Paleontology or palaeontology (from Greek: paleo, "ancient"; ontos, "being"; and logos, "knowledge") is the study of prehistoriclife forms on Earth through the examination of plant and animal fossils. This includes the study of body fossils, tracks (ichnites), burrows, cast-off parts, fossilised feces (coprolites), palynomorphs and chemical residues. Because humans have encountered fossils for millennia, paleontology has a long history both before and after becoming formalized as a science. This article records significant discoveries and events related to paleontology that occurred or were published in the year 1705.
A paper by Robert Hooke is formally published posthumously. Its contents had originally been part of an earlier presentation to the Royal Society of London. This paper provided an argument against prevailing wisdom and advocated the idea that fossils were the remains of actual once-living organisms. Still, it was not enough to change the general consensus of his contemporaries in the scientific community.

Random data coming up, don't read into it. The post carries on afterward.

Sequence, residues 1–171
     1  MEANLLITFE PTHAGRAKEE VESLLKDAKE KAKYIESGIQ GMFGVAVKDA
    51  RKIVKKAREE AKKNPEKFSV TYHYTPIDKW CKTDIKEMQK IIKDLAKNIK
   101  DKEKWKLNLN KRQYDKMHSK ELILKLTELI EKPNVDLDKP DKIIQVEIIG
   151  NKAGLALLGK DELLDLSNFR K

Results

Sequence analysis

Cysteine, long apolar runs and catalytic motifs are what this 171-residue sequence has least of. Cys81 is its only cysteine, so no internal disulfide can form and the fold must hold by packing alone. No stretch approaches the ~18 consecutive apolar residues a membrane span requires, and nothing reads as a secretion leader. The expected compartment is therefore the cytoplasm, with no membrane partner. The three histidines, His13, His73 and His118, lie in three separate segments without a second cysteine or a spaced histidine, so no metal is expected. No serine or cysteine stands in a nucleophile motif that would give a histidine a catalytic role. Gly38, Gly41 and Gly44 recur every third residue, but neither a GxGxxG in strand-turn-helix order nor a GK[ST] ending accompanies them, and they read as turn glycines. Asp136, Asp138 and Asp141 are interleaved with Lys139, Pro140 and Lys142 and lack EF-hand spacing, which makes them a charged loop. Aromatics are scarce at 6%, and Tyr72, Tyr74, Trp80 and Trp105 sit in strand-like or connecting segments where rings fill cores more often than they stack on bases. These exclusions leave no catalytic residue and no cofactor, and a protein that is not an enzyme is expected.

In the second edition of an earlier book (published in 1677), Robert Plot concludes that fossils (which he referred to as "lapides sui generis") were not the remains of once-living organisms, but were stones made to look like organisms by some unknown force of nature instituted by God to decorate the inner parts of the earth the way flowers beautify its surface.